Govt plans for return to surplus on a knife edge

STATE OF THE NATION: PM John Key's speech reveals a return to surplus in 2014-2015 is a touch-and-go proposition.
STATE OF THE NATION: PM John Key's speech reveals a return to surplus in 2014-2015 is a touch-and-go proposition.

The Government's plans to return to surplus by 2014-15 are now on a knife-edge after Prime Minister John Key today confirmed the books would be in the black by less than $500m.

Before the election the Government was forecasting a $1.57b surplus for 2014-15, but Key said that next month's Budget Policy Statement would cut that to between $300m and $500m.

Key said the global outlook had deteriorated, and the European crisis was the biggest potential threat to the world economy - and therefore to the New Zealand economy.

But the most likely outcome was that European countries would manage through the crisis with the Euro common currency intact.

But that was by no means guaranteed and this week the IMF had warned that if the necessary actions were not taken, the crisis could spill over into a global recession.

Key said even under the more likely scenario, where Europe avoided a full-blown crisis, the Euro countries were expected to go into recession in 2012 and face a protracted period of sluggish growth.

The flow on through China and Australia would lower demand for New Zealand's exports.

"That will have a real and noticeable effect on the New Zealand economy, which is expected to grow somewhat slower than was predicted at the end of 2011. But it won't knock the New Zealand economy for six and certainly won't stop the Government pushing ahead with its priorities."

Key said the really difficult challenges would start to come if world growth continued to be revised further and further downwards, or if the European crisis triggered a global credit freeze.

The commitment to returning to surplus by 2014-15 was an important part of the plan to limit debt and take pressure off interest rates and the exchange rate, but was also important for credibility with world financial markets.

If the outlook worsened between now and the May Budget the Government may have to do more than currently planned to reach its surplus target.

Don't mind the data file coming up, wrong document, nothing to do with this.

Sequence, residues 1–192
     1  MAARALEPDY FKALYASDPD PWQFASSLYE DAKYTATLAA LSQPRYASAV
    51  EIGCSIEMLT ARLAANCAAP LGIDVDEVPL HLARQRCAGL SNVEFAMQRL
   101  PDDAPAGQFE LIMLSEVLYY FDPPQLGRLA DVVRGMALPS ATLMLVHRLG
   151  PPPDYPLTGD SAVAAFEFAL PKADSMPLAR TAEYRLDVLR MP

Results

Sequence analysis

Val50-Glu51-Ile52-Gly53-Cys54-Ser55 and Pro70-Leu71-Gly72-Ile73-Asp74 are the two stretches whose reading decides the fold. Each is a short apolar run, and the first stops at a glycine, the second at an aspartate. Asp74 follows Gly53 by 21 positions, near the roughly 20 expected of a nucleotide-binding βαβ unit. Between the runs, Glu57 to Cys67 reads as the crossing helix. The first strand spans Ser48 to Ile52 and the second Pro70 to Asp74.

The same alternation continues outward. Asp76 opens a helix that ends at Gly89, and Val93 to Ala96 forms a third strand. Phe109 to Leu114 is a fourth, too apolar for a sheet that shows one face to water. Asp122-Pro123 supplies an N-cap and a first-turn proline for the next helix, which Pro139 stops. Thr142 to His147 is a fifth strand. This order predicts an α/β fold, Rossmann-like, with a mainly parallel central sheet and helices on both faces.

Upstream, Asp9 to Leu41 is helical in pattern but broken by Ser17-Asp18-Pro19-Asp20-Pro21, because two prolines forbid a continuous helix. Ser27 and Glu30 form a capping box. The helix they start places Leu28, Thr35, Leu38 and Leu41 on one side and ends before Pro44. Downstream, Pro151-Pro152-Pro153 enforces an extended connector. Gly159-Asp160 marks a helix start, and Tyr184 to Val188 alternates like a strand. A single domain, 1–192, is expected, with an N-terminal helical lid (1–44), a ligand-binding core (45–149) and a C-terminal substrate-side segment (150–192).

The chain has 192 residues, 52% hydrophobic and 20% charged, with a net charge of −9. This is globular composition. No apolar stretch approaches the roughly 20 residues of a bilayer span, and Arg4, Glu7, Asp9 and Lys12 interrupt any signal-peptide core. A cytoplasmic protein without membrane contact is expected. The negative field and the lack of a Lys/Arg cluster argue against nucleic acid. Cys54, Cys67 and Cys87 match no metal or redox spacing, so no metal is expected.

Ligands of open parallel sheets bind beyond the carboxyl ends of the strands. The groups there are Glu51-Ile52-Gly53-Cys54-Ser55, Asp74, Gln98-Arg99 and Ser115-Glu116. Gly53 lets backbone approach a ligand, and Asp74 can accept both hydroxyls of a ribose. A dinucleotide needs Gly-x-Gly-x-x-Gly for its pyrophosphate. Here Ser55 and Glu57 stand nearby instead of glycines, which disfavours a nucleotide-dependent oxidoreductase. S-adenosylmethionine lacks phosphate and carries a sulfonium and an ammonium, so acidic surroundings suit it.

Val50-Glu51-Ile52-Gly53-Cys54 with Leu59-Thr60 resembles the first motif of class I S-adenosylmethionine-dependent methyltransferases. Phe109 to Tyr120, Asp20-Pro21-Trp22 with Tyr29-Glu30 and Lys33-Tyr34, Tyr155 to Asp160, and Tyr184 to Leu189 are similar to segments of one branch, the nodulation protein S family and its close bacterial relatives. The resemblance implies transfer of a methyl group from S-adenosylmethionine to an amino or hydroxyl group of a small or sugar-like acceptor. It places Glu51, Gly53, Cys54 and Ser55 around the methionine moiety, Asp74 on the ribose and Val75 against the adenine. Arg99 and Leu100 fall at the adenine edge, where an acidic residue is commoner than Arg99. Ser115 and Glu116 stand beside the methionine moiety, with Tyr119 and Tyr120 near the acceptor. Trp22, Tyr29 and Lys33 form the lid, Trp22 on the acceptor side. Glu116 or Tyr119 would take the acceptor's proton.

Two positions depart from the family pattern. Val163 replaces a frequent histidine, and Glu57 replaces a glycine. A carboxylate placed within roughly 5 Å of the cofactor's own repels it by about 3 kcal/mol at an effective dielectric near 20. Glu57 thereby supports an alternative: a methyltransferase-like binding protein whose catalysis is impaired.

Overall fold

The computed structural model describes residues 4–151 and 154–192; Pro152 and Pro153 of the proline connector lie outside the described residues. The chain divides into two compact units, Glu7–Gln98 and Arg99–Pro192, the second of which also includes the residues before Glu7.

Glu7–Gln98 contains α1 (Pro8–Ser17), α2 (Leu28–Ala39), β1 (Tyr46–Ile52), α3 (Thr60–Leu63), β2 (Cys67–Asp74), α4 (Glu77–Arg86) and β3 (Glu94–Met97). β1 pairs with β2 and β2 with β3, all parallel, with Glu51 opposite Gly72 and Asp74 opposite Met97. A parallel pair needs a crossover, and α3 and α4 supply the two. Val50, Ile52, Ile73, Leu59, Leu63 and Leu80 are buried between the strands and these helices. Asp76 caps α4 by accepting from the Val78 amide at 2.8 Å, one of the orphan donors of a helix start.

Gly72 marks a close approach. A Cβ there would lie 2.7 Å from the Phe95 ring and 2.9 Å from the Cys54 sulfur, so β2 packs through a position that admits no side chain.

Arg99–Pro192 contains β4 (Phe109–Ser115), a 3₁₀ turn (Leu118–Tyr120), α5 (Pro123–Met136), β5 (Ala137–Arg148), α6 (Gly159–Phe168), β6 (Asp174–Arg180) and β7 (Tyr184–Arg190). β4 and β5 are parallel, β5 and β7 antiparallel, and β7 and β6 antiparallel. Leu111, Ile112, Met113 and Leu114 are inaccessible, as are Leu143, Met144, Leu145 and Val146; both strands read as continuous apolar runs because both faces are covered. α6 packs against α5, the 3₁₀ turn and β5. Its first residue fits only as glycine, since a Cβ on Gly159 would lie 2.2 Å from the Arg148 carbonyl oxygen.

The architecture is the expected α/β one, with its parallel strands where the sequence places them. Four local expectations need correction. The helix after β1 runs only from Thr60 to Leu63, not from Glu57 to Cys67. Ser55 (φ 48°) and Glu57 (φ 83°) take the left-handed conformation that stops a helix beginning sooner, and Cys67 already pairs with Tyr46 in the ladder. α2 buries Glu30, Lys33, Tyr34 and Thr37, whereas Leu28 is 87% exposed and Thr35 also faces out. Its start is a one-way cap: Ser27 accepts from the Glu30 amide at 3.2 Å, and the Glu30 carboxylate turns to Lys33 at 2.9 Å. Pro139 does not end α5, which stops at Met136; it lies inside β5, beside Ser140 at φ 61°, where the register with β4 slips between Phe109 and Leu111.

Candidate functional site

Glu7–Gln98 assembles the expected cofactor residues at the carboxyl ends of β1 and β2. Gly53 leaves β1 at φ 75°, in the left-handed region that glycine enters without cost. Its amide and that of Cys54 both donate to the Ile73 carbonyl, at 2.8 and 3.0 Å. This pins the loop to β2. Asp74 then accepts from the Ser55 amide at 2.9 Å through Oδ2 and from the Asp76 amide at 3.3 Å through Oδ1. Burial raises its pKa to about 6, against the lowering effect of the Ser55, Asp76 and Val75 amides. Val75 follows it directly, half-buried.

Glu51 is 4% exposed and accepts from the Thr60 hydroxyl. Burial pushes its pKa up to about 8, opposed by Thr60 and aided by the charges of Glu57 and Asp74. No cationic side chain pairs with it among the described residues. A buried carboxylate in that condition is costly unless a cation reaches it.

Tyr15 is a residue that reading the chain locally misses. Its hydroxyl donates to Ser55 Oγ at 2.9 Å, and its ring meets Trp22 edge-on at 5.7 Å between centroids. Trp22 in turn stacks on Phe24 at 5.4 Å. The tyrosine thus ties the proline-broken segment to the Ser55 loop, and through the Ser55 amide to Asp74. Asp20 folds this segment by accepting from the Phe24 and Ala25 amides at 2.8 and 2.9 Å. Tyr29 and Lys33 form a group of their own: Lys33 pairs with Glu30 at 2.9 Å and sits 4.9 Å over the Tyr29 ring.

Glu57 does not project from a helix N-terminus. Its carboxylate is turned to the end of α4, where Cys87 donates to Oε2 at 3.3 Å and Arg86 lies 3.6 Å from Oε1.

"If the absolute worst happened, and there was a major shock to the global economy, the Government would look at whether retaining that surplus target would actually harm the economy by forcing a sharp reduction in demand. But outside that scenario, we remain firmly committed to our target for surplus in 2014-15."

Key outlined four key priorities for his Government's second term.

- Responsibly manage the Government's finances

- Build a more competitive and productive economy

- Deliver better public services

- Rebuild Christchurch

''The next three years will be about rebuilding and strengthening the country. We are in a good position to do that compared to a lot of other nations.''

The Budget Policy Statement, to be released on February 16, would update the expected progress towards a return to surplus in 2014/15 - something National had campaigned on.

''Given the events in Europe this surplus is understandably smaller than was previously forecast. But we remain on our tight fiscal track,'' Key said in a speech to a business audience in Auckland today.

He said New Zealand was in a relatively good position to deal with fall-out from the European crisis in the near term.

In 2012 and 2013 this country's growth was forecast to be higher than in the Eurozone, the UK, Canada, the United States and Japan.

''So we are in relatively good shape.'' 

He said the Government would have a busy agenda in this term, including major welfare reform, efforts to raise achievement in the education sector, improve health services and bring in laws to strengthen sentencing, parole and bail laws.

"On top of these initiatives we are taking a hard look at the way public services are organised across the board. The state sector could do much better at achieving results and delivering value for money."

He would release a "Better Public Services Advisory Group" report in the next month or two.